China Reserves Slide Seen Easing, Yet Dam-Bust Still a Riskby
Weaker U.S. dollar has relieved pressure on the yuan
Test will come if Fed tightening expectations return
China is set to report a further easing in pressure on its foreign-exchange reserves in March, a shift that’s been helped by a hearty dose of good luck in the form of a weaker greenback.
While authorities have stemmed a record tide of departing money with stricter currency rules and repeated statements they don’t want a big devaluation in the yuan, there’s little sign yet that the appetite among Chinese investors to diversify abroad has been sated. And the central bank’s embrace of liquidity injections may result in an increase in pressure for funds to leave the country.
China has been one of the emerging-market beneficiaries of the U.S. Federal Reserve’s dialed-back outlook for interest-rate increases, underscored by Chair Janet Yellen’s remarks last week. After an estimated $1 trillion in funds left China in 2015, recent months have shown diminishing pressures. Data Thursday are forecast to show China’s reserves dropped in March by the least since October, when they last gained.
Chinese stocks rallied in March, and the yuan appreciated against the dollar, in a far cry from the turmoil seen in January. Signs of economic stabilization at home, including a rebound in the outlook for the struggling manufacturing sector, have also helped to turn sentiment. But the sands may shift anew.
"Don’t treat this relative calm as a permanent feature," said Shang-Jin Wei, chief economist at the Asian Development Bank. "In a few months, U.S. fundamentals could change."
There are other risks too: another stock-market rout or real-estate slump could spur pressure to take money out of China, and weakening exports or higher import prices would dent the current account surplus -- a key defense against capital outflows.
Since January, the People’s Bank of China has moved against speculators betting against the yuan and made it harder for its people to get money out of the country. It has also run down its reserves to help support the yuan. The March forecast for a level of about $3.192 trillion represents a drop of about 20 percent from the peak.
"China’s official FX reserves remain huge and can easily afford such a run-off for a while," said Warren Coats, a former economist at the International Monetary Fund who advises central banks around the world. "That is largely a good thing as China currently has reduced options for domestic investment as unproductive, mis-investments work themselves off."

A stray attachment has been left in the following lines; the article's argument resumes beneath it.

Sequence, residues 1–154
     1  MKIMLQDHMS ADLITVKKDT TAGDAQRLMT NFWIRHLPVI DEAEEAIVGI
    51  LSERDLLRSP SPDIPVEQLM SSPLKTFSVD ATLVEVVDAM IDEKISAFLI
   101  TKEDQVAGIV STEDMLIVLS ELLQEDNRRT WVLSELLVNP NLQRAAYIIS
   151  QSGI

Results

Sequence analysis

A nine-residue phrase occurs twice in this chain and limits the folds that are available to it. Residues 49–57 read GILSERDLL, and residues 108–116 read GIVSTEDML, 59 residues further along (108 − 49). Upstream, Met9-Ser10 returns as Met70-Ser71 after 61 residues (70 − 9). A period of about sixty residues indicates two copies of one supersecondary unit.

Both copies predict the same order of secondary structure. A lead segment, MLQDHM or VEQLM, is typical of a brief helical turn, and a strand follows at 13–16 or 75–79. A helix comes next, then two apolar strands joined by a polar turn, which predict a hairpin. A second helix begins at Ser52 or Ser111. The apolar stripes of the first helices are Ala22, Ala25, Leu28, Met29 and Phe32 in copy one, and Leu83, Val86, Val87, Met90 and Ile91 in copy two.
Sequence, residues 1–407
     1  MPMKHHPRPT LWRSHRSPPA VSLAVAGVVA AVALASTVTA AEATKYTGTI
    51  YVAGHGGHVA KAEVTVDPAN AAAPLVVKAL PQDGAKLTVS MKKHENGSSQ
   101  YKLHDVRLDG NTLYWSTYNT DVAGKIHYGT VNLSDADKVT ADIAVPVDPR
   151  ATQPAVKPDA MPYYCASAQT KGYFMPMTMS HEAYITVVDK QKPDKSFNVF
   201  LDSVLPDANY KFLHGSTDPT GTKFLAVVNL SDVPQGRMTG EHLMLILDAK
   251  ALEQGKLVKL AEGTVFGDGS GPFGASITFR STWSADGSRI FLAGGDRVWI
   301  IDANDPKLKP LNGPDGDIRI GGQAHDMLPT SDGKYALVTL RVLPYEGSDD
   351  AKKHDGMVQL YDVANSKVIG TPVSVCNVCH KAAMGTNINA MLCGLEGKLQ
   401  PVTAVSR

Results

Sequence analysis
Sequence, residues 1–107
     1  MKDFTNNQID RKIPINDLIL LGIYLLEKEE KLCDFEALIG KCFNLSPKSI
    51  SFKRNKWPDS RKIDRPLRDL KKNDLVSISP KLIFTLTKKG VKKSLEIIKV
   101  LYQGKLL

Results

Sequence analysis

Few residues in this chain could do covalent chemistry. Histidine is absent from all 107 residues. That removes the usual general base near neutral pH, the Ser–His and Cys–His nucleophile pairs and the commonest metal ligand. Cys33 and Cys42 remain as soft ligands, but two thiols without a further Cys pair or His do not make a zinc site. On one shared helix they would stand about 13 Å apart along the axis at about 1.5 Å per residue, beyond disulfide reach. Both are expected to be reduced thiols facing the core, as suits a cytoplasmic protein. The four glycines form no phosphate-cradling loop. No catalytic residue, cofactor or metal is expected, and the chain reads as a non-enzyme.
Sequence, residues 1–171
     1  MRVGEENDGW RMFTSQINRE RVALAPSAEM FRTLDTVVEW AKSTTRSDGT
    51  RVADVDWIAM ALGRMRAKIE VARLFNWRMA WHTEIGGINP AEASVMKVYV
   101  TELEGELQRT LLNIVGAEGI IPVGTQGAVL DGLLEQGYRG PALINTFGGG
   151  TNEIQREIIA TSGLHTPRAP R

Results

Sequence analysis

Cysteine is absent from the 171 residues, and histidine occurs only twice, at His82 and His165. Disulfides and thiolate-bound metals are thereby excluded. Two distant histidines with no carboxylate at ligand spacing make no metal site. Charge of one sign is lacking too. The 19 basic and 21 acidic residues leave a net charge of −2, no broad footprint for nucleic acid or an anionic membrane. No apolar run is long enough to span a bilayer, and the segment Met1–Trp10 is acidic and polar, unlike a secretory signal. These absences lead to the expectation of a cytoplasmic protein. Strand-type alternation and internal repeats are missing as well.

Since the end of February, outflows have become "clearly muted," according to economists at Societe Generale SA. The bank expects that reserves increased in March, likely reaching $3.25 trillion.
One positive for China is that it’s closer now to working off a load of foreign-currency borrowing taken on to place bets on yuan appreciation, back before Chinese leaders unexpectedly devalued it in August. Those bets contributed to a rapid buildup in U.S. dollar debt over several years to 6 percent of gross domestic product, according to research by Citigroup Inc.
"We may not be too many hundreds of billions of dollars -- and not too many months or quarters -- away from being able to stop worrying about the very close connection between China’s capital account and U.S. monetary policy," Citigroup Inc. head of emerging-market economics David Lubin wrote in a recent note. Yet for now, "when expectations of U.S. monetary tightening gather pace, that will accelerate capital outflows from China."
Another worry on the immediate horizon is a run-up in domestic liquidity relative to the level of reserves. The ratio of the M2 gauge of money supply to the currency holdings is now the highest in more than a decade.
If Chinese residents face stepped-up incentives to move more of their $21.4 trillion worth of local yuan deposits out, that would rapidly escalate the challenges for policy makers.
"Households hold the key," said Rob Subbaraman, Nomura Holdings Inc.’s chief economist for Asia ex-Japan. To restore confidence, China will need to push through painful structural reforms to cut back debt and overcapacity, he said.
It remains to be seen whether March was the calm in the storm, or a return to fair weather for China’s capital flows.
"With the measures to clamp down on outflows and the temporary stabilization of the exchange rate, you could see a more modest decline" or even some gain in reserves, said Stephen Jen, co-founder of SLJ Macro Partners LLP in London. Even so, "the story is not over" for the diversification abroad of Chinese savings, which will put pressure on reserves and the yuan, he said.